The state-owned company already suffered major disruptions to its ports and national freight rail line last week following days of unrest and violence in parts of the country. In response to a question on whether the cyber attack on Transnet was linked to the unrest, a government official said: "We are investigating, and when that is confirmed or dispelled we are going to make that announcement. "Currently we are treating it as an unrelated event."
    The latest disruption has delayed containers and auto parts, but commodities were mostly unaffected as they were in a different part of the port, one of the sources said. It will also create backlogs that could take time to clear. Transnet said its container terminals were disrupted while its freight rail, pipeline, engineering and property divisions reported normal activity.

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    Due to a major leak at the coronavirus testing company Testcoronanu, it was possible for anyone to create their own Covid vaccination or test certificate, RTL reported on Sunday. Additionally, private details from about 60 thousand people who took a coronavirus test at this company had been leaked. The company is affiliated with the testing for travel initiative from the government. The leak made it possible for anyone to easily add a fake negative coronavirus test result or proof of vaccination by adding two code lines. In the database, it was possible to personally enter which kind of test was absolved and what the result was.
    Afterward, you would automatically receive a travel certificate from Testcoronanu. The site has since been shut down by the Ministry of Health.
    Not only was it possible to add test and vaccination certificates, but users could also alter the data of others. “Anyone with an internet connection could simply adjust data in a corona database.
    The leak put in question the reliability of the CoronaCheck app. “Any form of reliability is completely gone”, professor of microbiology at the UMC Groningen, Bert Niesters, said. “It is completely irresponsible to use this app for events where it is not possible to keep one and a half meters distance.” The leak also revealed personal information, such as the full names, addresses, phone numbers, social security numbers, passport numbers and medical information from over 60 thousand people. This highly sensitive information can easily be misused by cybercriminals. All locations from Testcoronanu have been closed. People who had an appointment to get tested will have to make an appointment with a different provider.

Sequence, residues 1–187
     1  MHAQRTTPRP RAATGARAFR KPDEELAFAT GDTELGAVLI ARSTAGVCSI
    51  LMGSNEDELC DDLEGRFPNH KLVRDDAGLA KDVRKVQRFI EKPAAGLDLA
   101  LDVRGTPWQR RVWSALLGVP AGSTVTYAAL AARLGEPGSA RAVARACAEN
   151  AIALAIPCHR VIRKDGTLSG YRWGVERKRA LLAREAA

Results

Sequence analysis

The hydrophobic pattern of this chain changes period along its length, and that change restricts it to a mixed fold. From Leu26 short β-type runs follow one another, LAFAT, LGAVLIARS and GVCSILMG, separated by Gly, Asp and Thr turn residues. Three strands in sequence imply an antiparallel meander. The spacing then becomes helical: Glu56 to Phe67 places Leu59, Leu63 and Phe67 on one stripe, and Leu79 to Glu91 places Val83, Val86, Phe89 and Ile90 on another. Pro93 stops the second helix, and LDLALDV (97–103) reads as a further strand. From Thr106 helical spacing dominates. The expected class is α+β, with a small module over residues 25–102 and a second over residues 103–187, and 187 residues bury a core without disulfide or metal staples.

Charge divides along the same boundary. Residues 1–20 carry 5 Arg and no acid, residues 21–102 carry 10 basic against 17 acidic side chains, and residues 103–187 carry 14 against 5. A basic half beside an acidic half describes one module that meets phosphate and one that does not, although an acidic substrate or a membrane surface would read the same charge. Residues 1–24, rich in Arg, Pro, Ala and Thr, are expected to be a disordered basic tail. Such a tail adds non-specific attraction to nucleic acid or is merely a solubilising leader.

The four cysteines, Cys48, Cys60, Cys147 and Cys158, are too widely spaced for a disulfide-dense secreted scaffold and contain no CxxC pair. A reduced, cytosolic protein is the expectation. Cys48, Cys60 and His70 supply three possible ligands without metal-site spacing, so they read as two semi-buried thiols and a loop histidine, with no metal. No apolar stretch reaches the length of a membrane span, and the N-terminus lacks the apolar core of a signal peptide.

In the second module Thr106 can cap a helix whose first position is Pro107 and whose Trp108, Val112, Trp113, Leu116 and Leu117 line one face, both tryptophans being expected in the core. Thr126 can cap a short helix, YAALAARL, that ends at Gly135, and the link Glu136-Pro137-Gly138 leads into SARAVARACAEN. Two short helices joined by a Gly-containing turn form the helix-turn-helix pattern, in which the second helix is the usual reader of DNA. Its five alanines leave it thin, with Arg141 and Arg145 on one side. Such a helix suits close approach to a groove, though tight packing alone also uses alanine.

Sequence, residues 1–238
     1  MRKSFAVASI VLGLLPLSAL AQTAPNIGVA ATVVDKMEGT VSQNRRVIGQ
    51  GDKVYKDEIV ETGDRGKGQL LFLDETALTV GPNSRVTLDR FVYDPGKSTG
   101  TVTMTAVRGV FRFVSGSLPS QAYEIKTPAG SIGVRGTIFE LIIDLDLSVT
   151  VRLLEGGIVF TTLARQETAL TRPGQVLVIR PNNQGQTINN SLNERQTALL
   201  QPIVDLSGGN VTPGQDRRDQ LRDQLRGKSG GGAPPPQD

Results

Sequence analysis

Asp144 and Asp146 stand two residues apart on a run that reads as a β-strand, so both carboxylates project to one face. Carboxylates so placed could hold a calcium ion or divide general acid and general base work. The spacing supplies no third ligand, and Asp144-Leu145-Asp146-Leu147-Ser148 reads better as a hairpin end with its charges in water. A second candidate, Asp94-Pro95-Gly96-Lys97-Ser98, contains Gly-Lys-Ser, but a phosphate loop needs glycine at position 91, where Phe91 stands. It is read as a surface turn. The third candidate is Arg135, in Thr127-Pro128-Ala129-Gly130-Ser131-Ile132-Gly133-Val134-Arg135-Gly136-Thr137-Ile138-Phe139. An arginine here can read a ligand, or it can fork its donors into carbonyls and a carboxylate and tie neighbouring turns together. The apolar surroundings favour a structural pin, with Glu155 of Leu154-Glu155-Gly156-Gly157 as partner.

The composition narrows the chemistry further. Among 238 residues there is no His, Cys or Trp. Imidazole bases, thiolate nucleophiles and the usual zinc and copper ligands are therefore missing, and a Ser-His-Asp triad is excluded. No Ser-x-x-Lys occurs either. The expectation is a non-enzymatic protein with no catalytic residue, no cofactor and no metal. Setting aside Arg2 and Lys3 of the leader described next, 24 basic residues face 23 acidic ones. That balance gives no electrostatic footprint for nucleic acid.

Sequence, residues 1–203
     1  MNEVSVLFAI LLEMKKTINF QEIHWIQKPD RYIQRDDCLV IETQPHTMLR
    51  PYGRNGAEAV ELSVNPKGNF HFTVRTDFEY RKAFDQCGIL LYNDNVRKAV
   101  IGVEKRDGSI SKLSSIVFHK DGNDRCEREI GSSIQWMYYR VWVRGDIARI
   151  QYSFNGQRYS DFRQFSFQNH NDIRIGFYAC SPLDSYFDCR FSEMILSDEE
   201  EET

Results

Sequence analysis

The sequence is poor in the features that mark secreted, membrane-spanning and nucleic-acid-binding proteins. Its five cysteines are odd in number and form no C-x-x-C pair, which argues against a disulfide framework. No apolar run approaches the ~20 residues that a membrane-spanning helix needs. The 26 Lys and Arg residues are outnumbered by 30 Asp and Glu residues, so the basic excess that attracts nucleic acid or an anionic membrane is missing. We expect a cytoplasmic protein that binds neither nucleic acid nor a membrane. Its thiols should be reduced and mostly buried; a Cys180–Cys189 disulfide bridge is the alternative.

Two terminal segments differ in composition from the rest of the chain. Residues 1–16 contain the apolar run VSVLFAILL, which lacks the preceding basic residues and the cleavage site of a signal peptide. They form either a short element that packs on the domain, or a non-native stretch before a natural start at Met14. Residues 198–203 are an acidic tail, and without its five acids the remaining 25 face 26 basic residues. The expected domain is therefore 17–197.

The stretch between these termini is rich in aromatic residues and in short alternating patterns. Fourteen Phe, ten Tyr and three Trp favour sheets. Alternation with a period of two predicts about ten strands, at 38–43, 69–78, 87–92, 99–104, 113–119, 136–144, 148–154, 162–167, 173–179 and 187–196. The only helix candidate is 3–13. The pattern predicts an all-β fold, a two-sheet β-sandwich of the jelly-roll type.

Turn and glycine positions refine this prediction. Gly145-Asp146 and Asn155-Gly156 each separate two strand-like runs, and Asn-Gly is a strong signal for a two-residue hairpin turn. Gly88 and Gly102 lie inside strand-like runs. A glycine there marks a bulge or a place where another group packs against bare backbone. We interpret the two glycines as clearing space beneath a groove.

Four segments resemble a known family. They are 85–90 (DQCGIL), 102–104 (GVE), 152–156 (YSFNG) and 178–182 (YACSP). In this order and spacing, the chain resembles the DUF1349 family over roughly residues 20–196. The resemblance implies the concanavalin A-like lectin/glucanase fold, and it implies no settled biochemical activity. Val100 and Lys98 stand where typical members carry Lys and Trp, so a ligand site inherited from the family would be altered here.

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    That’s it for this podcast, stay safe and see you in the next podcast.
    Don’t forget to visit www.nucleoncyber.com for the latest podcasts on cyber intelligence.

    • 4 min
    CyberCure Ep 70

    CyberCure Ep 70

    This podcast will give you a summary of the latest news related to cyber intelligence and proactive cyber security in only a few minutes.
    The podcast is aimed at professionals who are short on time, or for anyone who would like to know a bit more about what is REALLY happening out there in the cyber world.
    The focus of this podcast will be on the latest cyber events for non-technical people; anyone can listen and understand.

    https://news.nucleon.sh/2021/08/13/intelligence-briefing-70/
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    COVID related cyber attacks are attractive targets as they are usually well funded and time sensitive so ransomware should be easier.
    German pharmacies have stopped issuing digital COVID-19 vaccination certificates after hackers created passes from fake outlets.
    Germans who have been fully vaccinated are entitled to a certificate which allows them more freedoms, especially to travel.
    Pharmacies and vaccination centres issue them but The German Pharmacists Association said hackers had managed to produce two vaccination certificates by accessing the portal and making up pharmacy owner identities.
    In a statement they released they said:
    "The DAV, in consultation with the Health Ministry, stopped issuing certificates to investigate further", adding it had so far found no other indication of unauthorised access to the portal. "It can therefore be assumed that the more than 25 million vaccination certificates issued so far through pharmacies have all been issued by legally registered pharmacies," said the DAV.
    After a slow start, due to supply problems and bureaucratic hurdles, Germany's vaccine rollout picked up in May and June but now the pace of doses being administered is slowing.